According to the Company’s FORM 10-Q for the quarterly period ended September 30, 2003, several substantially similar cases were subsequently filed in the same court and were consolidated into one action. On Aug. 13, 2003, the court, acting upon a motion filed by the defendants, dismissed the action without prejudice. On Sept. 22, 2003, upon stipulation of the parties, the court entered a new order changing the dismissal of the case from without prejudice to with prejudice. Accordingly, this lawsuit has been concluded.
Several securities class action lawsuits were filed against Alliant Energy Corporation. The original class action shareowner lawsuit was filed against Alliant Energy, Erroll B. Davis, Jr., Thomas M. Walker and John E. Kratchmer. The amended consolidated complaint alleged that the defendants made false and misleading statements in relation to Alliant Energy's expected performance of its various non-regulated businesses.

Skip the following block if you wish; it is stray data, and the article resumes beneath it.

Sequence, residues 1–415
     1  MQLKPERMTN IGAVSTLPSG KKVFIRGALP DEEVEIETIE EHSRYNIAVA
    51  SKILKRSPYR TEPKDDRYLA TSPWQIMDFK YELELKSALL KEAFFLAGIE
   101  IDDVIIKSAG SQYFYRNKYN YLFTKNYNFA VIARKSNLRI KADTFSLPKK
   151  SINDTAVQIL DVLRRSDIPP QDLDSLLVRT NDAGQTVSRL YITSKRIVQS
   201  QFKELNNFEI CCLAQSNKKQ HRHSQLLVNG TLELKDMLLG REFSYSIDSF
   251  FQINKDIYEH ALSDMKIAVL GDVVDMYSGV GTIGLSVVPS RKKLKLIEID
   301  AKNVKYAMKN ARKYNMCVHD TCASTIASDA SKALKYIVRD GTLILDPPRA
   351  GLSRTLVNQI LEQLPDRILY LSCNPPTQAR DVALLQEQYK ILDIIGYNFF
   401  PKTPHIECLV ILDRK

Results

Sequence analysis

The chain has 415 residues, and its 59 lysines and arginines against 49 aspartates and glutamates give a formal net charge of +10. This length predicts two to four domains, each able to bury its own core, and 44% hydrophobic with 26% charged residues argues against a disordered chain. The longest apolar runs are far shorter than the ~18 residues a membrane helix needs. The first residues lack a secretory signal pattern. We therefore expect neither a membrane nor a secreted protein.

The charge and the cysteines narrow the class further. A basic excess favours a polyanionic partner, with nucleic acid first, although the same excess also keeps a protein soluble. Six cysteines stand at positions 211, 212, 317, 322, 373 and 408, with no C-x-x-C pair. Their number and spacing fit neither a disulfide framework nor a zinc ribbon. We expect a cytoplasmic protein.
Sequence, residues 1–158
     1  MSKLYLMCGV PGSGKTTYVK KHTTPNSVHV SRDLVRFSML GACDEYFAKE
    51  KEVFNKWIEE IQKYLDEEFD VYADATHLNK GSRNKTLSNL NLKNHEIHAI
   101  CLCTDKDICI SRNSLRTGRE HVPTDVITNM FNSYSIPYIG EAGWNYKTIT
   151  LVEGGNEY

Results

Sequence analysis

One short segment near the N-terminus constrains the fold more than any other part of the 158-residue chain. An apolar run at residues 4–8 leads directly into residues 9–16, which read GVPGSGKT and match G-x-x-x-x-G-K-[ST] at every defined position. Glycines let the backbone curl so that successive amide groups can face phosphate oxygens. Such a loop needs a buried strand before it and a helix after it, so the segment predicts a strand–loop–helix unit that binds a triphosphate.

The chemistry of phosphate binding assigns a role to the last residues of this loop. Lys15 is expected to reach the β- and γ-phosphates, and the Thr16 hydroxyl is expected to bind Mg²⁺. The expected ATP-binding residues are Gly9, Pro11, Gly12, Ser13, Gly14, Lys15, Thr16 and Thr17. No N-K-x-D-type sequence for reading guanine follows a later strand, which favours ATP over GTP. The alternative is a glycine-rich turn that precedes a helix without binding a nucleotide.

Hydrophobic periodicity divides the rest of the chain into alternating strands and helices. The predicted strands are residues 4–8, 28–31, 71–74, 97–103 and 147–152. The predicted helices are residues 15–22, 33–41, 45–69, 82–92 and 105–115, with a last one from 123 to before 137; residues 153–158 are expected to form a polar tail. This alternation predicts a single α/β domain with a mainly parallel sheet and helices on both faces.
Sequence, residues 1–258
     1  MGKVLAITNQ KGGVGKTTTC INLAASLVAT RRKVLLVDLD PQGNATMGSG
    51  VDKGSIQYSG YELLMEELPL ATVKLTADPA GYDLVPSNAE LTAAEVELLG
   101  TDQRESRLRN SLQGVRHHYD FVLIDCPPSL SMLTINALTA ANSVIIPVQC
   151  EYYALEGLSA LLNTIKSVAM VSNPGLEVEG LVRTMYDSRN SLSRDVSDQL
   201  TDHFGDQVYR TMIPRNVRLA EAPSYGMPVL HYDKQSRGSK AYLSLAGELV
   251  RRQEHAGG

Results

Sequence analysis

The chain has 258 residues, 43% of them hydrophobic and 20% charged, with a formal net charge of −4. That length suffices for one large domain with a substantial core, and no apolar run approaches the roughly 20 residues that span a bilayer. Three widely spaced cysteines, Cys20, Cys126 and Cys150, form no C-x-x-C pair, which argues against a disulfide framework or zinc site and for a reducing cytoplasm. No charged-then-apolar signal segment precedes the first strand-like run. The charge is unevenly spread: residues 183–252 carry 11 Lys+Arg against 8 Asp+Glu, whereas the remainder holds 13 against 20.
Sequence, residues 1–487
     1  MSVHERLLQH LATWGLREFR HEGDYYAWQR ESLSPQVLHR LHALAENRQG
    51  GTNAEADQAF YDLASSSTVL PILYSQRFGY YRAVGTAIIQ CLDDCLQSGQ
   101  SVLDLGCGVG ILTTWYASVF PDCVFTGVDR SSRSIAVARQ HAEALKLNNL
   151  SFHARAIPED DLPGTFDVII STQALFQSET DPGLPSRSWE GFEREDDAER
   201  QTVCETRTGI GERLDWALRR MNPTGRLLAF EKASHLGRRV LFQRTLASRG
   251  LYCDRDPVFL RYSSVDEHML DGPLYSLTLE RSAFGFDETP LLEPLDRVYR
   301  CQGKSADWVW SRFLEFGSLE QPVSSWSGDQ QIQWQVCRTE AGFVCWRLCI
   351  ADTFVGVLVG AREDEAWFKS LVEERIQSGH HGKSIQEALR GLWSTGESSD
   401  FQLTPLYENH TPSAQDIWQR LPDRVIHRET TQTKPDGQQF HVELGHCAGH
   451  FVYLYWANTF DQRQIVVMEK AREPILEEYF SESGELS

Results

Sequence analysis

The original complaint charges that defendants violated Sections 10(b) and 20(a) of the Securities Exchange Act of 1934, and Rule 10b-5 promulgated thereunder, by issuing a series of materially false and misleading statements to the market between January 29, 2002 to July 18, 2002. The complaint alleges that the Company falsely touted the performance of its non-regulated businesses and represented that those businesses would compensate for expected 2002 weakness in its utilities operations. The complaint further alleges that the Company also represented that its unregulated businesses were integral to the Company's operations and were key to the Company's expected annual growth rate of 7%-10%. Such statements were materially false and misleading when made, the complaint alleges, because defendants knew, or were reckless in not knowing, that the unregulated businesses were suffering from serious problems, that such businesses were a material drain on the Company overall and could not compensate for any weaknesses in the regulated businesses and that the Company could not meet its 2002 earnings targets by the results of its utilities businesses alone. On July 18, 2002, the Company announced that it was cutting its 2002 earnings expectations by over 35%. Investors, conditioned by defendants Class Period statements, reacted by selling-off the stock, which fell by 23% in one day, from $23.78 per share on July 18, 2002, to $18.22 per share on July 19, on unusually heavy trading volume. A few months after the end of the Class Period, the Company announced that it would sell many of its non-utility assets as part of an effort to re-focus its business around the Company's utilities operations.